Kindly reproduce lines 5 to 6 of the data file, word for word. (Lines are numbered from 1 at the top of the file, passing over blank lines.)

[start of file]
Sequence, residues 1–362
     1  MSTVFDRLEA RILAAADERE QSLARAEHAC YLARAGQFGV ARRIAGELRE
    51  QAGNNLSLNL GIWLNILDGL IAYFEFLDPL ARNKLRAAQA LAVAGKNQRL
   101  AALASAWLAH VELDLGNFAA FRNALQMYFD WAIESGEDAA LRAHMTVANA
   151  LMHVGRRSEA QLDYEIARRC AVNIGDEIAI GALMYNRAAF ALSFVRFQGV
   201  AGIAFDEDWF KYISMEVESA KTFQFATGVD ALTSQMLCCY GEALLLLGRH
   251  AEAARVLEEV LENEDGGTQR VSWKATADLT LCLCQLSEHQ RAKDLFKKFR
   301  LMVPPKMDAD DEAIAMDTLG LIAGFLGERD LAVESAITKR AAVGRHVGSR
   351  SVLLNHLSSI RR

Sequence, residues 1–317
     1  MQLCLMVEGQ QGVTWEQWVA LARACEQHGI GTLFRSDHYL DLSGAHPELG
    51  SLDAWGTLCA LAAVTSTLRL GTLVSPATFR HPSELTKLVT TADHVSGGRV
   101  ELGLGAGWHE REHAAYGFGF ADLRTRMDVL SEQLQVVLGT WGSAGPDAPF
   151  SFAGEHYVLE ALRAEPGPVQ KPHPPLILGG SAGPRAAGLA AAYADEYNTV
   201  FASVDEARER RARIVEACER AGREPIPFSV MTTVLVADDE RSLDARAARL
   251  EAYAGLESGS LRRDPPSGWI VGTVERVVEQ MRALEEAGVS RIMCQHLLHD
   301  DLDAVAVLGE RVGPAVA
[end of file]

   151  LMHVGRRSEA QLDYEIARRC AVNIGDEIAI GALMYNRAAF ALSFVRFQGV
   201  AGIAFDEDWF KYISMEVESA KTFQFATGVD ALTSQMLCCY GEALLLLGRH